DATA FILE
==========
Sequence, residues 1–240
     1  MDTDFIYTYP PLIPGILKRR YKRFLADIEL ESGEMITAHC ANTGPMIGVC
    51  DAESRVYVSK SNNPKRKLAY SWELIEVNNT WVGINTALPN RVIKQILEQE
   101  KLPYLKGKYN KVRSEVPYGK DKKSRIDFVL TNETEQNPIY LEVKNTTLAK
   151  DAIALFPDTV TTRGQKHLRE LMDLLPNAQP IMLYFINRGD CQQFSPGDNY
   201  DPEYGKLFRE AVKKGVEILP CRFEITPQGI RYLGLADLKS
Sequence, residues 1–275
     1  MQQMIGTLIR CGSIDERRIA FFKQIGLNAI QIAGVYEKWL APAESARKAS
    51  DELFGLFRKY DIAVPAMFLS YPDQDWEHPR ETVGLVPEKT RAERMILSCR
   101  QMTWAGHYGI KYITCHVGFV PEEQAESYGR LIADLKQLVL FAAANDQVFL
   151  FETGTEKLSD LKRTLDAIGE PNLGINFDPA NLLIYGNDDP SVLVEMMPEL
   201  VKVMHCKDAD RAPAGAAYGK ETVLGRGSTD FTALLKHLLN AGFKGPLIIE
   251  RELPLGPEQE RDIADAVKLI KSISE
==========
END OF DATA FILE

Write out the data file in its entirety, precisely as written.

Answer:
Sequence, residues 1–240
     1  MDTDFIYTYP PLIPGILKRR YKRFLADIEL ESGEMITAHC ANTGPMIGVC
    51  DAESRVYVSK SNNPKRKLAY SWELIEVNNT WVGINTALPN RVIKQILEQE
   101  KLPYLKGKYN KVRSEVPYGK DKKSRIDFVL TNETEQNPIY LEVKNTTLAK
   151  DAIALFPDTV TTRGQKHLRE LMDLLPNAQP IMLYFINRGD CQQFSPGDNY
   201  DPEYGKLFRE AVKKGVEILP CRFEITPQGI RYLGLADLKS
Sequence, residues 1–275
     1  MQQMIGTLIR CGSIDERRIA FFKQIGLNAI QIAGVYEKWL APAESARKAS
    51  DELFGLFRKY DIAVPAMFLS YPDQDWEHPR ETVGLVPEKT RAERMILSCR
   101  QMTWAGHYGI KYITCHVGFV PEEQAESYGR LIADLKQLVL FAAANDQVFL
   151  FETGTEKLSD LKRTLDAIGE PNLGINFDPA NLLIYGNDDP SVLVEMMPEL
   201  VKVMHCKDAD RAPAGAAYGK ETVLGRGSTD FTALLKHLLN AGFKGPLIIE
   251  RELPLGPEQE RDIADAVKLI KSISE